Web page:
Govt. investigating “rampant” insolvency in construction industry


insolvency in the construction industryMost subbies will have experienced the practice of phoenixing, where an insolvent company continues trading under a new entity, leaving behind unpaid subcontractor debts.

Some subbies have faced tens of thousands of dollars in unpaid labour and material costs, potentially crippling their business and livelihood.

So it’s a kick in the teeth when they see those same builders or lead contractors carry on as if it’s business as usual.

One subcontractor TTT spoke with who works in the solar industry said abuse of insolvency in construction is “rampant”.

“Some guys legitimately go out of business however many do it to rip people off and they are doing it again and again and again,” he said, discussing one Sydney builder who stung him and has “done it multiple times”.

“He’s owed some guys over $30k. That’ll send a small business under.”

Asked how to avoid such a scenario our guy said: “It’s a problem. The companies with no assets in their name are especially the ones to watch out for.”

“Something’s gotta change. They should be liable,” he added.


Government Inquiry

In 2012, the NSW Government held an inquiry into insolvency in construction with some positive outcomes for sub contractors.

However the Senate Economics Reference Committee has realised that “phoenxing” – as it is known – and abuse of insolvency in construction is still an issue and so is conducting a further inquiry in the second half of 2015 that will feed recommendations to the Abbott government to introduce legal changes to prevent this practice.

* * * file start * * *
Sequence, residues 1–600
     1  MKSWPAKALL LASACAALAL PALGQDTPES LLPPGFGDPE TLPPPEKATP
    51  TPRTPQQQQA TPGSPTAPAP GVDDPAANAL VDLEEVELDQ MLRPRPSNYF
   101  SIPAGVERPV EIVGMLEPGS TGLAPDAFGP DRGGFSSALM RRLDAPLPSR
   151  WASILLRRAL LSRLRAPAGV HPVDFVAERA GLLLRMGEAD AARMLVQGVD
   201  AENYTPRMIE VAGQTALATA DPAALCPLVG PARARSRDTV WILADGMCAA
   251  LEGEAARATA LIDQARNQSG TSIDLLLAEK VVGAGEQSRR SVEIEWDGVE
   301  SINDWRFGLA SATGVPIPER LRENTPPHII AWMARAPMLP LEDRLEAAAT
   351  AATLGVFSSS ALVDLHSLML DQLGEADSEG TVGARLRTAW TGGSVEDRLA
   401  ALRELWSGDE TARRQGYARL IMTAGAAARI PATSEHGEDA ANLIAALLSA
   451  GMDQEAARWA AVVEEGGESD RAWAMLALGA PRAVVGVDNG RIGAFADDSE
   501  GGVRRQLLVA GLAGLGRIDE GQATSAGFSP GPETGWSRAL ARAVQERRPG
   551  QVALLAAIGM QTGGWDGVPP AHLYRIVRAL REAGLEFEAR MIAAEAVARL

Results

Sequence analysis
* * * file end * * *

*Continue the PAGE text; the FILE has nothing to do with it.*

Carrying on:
“We want to hear from everyone who has ideas about what we, in the parliament, can do to help,” Committee Chair, Senator Sam Dastyari said in an announcement on the Australian Construction Industry Forum (ACIF).

“There are insolvencies that involve no more than a simple refusal to pay bills,” he said, adding “It is often alleged that head contractors have used their subcontractors as cash flow while a project is being built and then refuse to pay on completion.”

Speaking to Tools Trades Toys, a spokesperson for Senator Dastyari said that subbies were an important element of the feedback process.

“What we would like to do is take it out into the community and actually hear from tradies and hear their suggestions.”

“If someone has a story to write about how they got shafted by someone who hid behind a ridiculous law then we want to hear from them.”

Submission can be made here and close 17 April 2015, with a report expected in November.


About Author

Tom Haynes

Tom is the founder and publisher of Tools Trades Toys. He has been working as an editor and producing content for the trades for around five years. He loves to tell a good story.

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